If you take your “regular” key pose, which, in and of itself, should already have a slightly exaggerated silhouette and line of action, and then exaggerate it EVEN MORE, now you have your “overshoot pose.”
C) Now all you have to do is slap that overshoot pose into your scene, maybe even just a couple frames after your “real” pose, and then arc back into your “real” key pose. You’ll need to overlap some things to pull this off properly—probably some rotation on the wrist holding the flowers, some overlap on the flowers themselves, and probably some overlap rotation in his head, but basically you’re just going from your “real” pose, to your overshoot exaggeration, and then back to your “real” pose.
Arcs and timing are key here, as it will help a lot if everything doesn’t stop on the same frame, and you nearly always must have nice arcs on the wrists, head, hips, etc.
2. Keep the eyes alive.
As long as the eyes are alive, you can darn near completely freeze the body and still have a chance at keeping the audience feeling like your character exists, so pay special attention to the eyes during any moving hold! Put some time into working out eye poses that really communicate his intentions, emotions, and thought process—and choose your blinks carefully and for specific reasons.
3. Ease in!
Having a character slam to a complete stop is always going to look phony-baloney. There are certainly times when the style demands this sort of thing (Warner Brothers springs to mind), and if the style allows for characters to completely freeze, you can use this for great comedic or dramatic effect. However, most of us won’t be able to just have our characters freeze all the time, and when our guy pulls out his flowers, we’ll need to keep him alive, thus the moving hold.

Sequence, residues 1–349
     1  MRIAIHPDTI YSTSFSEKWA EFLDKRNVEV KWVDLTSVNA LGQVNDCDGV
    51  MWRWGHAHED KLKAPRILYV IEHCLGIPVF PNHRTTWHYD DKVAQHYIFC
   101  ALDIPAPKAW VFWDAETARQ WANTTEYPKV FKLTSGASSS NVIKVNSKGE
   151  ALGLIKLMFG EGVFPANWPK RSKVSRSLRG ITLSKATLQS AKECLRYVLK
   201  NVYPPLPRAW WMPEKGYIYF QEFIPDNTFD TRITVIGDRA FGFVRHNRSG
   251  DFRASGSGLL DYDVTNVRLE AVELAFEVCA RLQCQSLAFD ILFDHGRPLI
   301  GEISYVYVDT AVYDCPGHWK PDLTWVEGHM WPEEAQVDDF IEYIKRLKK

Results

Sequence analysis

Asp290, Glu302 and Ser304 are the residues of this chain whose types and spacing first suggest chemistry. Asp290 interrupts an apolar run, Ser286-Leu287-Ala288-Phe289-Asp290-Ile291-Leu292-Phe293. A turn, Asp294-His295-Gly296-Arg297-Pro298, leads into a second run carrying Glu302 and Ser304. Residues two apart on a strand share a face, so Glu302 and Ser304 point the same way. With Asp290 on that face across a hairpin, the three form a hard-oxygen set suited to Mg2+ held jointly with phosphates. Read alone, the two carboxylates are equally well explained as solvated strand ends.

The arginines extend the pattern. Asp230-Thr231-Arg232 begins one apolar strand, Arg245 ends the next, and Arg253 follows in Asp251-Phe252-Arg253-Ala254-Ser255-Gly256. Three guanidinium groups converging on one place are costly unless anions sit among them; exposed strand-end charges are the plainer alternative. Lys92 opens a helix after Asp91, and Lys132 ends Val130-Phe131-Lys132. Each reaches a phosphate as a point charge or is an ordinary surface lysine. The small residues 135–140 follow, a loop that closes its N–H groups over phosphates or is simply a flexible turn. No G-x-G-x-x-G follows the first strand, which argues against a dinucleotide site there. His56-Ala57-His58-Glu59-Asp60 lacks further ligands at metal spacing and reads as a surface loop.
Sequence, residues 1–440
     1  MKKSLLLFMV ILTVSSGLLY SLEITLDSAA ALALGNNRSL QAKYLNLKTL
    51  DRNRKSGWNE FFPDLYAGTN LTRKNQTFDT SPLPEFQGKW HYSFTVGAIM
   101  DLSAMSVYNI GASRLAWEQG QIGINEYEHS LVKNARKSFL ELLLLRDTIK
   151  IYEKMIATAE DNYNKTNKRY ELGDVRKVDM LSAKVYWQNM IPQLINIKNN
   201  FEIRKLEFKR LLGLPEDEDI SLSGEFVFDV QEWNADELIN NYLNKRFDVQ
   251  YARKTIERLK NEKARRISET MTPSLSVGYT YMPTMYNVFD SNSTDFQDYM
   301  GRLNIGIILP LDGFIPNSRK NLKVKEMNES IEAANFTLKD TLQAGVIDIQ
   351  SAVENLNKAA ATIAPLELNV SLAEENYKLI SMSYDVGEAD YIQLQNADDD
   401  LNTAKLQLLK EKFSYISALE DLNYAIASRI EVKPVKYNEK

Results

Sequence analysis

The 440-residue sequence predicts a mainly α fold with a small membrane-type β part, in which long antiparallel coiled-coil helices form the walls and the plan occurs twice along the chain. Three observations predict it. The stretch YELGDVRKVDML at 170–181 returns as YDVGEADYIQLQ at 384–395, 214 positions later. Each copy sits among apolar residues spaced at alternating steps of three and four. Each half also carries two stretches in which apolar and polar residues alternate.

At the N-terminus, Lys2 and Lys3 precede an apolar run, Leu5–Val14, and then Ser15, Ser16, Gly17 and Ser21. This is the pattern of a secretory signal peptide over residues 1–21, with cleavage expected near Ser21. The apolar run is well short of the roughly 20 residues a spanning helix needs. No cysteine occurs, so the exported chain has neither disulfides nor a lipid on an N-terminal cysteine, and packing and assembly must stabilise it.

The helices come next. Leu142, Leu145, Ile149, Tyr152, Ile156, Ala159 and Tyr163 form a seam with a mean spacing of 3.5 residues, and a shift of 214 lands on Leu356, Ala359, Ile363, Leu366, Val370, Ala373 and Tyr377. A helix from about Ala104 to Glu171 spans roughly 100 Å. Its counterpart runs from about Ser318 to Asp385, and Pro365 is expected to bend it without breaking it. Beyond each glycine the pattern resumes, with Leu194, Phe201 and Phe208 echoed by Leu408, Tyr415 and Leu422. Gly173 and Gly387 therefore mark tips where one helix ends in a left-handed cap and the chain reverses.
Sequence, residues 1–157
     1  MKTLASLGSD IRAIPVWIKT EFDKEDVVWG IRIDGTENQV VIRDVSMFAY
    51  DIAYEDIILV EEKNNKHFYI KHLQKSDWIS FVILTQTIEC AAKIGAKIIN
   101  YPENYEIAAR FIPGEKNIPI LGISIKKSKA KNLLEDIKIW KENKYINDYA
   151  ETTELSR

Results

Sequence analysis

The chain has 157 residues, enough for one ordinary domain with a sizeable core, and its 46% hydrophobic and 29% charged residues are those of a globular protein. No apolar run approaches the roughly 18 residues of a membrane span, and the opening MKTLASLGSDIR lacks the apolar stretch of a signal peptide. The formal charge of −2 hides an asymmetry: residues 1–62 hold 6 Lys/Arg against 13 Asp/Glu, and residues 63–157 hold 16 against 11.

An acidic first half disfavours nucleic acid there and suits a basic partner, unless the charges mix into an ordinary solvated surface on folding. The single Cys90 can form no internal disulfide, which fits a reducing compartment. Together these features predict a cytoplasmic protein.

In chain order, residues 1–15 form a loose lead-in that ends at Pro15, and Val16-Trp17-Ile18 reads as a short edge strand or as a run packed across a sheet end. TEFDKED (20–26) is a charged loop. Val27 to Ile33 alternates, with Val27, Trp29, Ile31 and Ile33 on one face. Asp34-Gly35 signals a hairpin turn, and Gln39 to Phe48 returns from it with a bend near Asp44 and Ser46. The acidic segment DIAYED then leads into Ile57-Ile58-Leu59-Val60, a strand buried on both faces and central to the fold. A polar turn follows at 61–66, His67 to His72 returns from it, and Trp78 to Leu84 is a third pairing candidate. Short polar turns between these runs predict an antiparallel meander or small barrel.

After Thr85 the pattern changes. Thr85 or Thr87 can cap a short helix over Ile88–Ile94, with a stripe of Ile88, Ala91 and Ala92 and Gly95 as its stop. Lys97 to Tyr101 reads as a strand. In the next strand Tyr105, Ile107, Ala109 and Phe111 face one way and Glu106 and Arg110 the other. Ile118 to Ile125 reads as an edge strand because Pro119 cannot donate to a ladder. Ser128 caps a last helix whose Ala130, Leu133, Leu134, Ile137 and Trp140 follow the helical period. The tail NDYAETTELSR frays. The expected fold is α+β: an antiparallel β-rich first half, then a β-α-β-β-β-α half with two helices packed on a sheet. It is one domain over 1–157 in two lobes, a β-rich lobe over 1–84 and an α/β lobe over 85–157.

Well, in order to pull off a moving hold, you need to ease into it, at least a little bit. You have to make sure your character doesn’t feel like he just hit an invisible wall or something, which is far too common on the demo reels I see.
While you will use the concept of ease-in on any moving hold, there are two basic types of moving holds, in a sense. The overshoot hold, where you zip past your destination and then quickly recover back into your intended pose, and then there’s the long ease-in pose, which is basically just a long slow subtle ease into your key pose.
In either case, once you’ve arrived at your key pose, you will need to keep that sucker alive, right?! As I said, eye animation will help. Overlapping animation on the limbs will help a lot as well. However, a great trick is also:
4. Ambient motion
I want to stress that this isn’t “random motion,” but it is really subtle ambient movement you can put onto your characters. It can be tiny chest rotations that feel, even subconsciously, like breaths. It can be small readjustments in the head, or a slight shifting of the weight in the hips (and the chain of events that follows). It can be secondary animation, such as a sniff or fingers subtly rubbing against each other.
In any of these cases, you’re basically adding in some subtle complexity that will work wonders as far as helping your character feel truly alive.
I hope this stuff was helpful! Keep animating, and as always, have FUN!